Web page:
Don’t waste, don’t want: Montana tribe provides COVID-19 vaccines at border crossing
A long line of cars was backed up at the Carway border crossing in southern Alberta this week as First Nations people and others took advantage of the Blackfeet Tribe’s free COVID-19 vaccinations in the Montana.
James McNeely, the tribe’s public information officer, said that despite a slow start in getting vaccines for the 10,000 residents of the reserve, 98% of those eligible had been vaccinated.
Many members of the reserve, 150 kilometers south of Lethbridge, Alta., Have relatives in Canada and, with plenty of extra vaccines, they decided to see if they could help, he added.
McNeely said the health administrator at the Browning Tribal Clinic said she had had a lot of vaccines that would expire if not used.
“She’s very spiritual and said it would be a sin to waste, so we started playing around with the idea of how we could vaccinate our loved ones in the north,” McNeely said Thursday in a Press interview. Canadian.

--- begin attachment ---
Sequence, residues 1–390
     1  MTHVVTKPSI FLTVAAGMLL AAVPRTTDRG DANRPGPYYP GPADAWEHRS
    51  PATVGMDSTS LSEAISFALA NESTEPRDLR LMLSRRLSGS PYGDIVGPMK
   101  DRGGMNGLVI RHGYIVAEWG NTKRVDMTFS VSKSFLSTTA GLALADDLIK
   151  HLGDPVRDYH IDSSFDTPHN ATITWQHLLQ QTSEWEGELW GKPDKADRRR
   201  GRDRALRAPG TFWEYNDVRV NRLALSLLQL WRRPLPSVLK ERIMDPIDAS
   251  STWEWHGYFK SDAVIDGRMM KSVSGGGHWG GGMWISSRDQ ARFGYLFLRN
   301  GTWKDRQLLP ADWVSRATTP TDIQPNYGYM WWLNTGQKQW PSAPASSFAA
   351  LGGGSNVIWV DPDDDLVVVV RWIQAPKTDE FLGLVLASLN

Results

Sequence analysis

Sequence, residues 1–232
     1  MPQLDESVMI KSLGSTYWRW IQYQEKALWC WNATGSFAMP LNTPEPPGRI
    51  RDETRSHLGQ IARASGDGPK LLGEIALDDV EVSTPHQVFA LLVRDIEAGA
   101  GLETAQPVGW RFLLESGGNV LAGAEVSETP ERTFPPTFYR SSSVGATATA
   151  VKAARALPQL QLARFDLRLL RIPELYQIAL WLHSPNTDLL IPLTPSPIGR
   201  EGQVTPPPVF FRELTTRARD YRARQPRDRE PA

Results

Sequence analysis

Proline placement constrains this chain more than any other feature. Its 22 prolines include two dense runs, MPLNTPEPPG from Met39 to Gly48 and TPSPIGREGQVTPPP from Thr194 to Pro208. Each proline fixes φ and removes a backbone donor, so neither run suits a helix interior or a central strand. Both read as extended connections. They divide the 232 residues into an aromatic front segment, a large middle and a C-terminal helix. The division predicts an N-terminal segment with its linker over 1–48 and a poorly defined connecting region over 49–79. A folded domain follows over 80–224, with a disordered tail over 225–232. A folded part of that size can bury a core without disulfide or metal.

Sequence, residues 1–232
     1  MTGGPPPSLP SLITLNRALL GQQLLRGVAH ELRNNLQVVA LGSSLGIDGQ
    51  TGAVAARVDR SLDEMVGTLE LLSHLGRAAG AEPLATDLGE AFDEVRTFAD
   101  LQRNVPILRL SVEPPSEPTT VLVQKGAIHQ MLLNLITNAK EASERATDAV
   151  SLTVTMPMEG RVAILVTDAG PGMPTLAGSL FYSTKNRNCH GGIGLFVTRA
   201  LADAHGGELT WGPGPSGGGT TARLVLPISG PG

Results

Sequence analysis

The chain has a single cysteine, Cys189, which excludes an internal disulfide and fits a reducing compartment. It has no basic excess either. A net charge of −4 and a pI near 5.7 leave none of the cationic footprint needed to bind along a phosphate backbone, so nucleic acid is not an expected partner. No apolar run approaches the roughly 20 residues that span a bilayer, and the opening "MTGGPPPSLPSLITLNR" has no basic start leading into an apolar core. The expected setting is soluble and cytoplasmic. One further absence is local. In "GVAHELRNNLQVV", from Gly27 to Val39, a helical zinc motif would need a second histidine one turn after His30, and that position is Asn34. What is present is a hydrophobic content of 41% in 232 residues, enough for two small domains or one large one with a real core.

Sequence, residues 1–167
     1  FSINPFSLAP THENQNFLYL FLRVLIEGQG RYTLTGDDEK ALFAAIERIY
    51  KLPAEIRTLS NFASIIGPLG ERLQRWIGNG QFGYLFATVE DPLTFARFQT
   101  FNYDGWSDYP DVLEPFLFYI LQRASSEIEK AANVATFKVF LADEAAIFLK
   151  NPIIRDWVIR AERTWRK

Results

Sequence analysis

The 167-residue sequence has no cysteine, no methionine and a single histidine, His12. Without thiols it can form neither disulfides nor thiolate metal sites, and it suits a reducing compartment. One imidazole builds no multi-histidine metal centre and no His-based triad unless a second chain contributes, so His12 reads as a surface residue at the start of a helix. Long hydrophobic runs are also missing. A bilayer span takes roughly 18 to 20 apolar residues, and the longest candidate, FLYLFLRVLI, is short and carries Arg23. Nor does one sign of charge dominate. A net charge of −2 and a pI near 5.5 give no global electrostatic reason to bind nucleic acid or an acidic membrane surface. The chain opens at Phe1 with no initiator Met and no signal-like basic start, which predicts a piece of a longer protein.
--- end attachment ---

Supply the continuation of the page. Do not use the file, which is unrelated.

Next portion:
He said it took about a week to get approval from the tribal administration and the Canadian and US governments to set up the mobile clinic on the US side of the border.
“We were kidding. We were laughing.” Could we really do this? “And it happened. It really happened,” he said.
Canadians who attended the clinic were granted exemptions from quarantine for 14 days. They lined up in their cars, drove a loop, received their shots from the window, were watched for 15 minutes, and drove home.
McNeely said those who needed a second injection of Pfizer received them, while others were offered the Moderna vaccine.
More than 450 people passed through the two-day clinic and it was open to all members of the local community, he said.
“There were people lining up from Cardston crying as they passed because they didn’t think they were going to get the shot,” McNeely said.
The clinic is expected to return next week and again in 21 days so everyone can receive their second vaccine.
“We still have a lot of doses to share, but we see it as a number of things. It doesn’t matter race, creed, color, it’s about saving human lives,” he said.
Pam Blood, communications spokesperson for the neighboring Blood Tribe, said a number of residents have taken advantage of the clinic, especially those awaiting their second injection of Pfizer.
“It helped with the Pfizer, because a lot of the tribe members got their first injection of Pfizer so they could get their second shot,” Blood said.
“Then they opened it up to members of the Cardston community who wanted to get their first photo that weren’t on the list in phases. So many were able to access it as well, ”she said, adding that it was a wonderful gesture. .
“He thinks it’s just wanting to see how everyone can be protected the best they can.”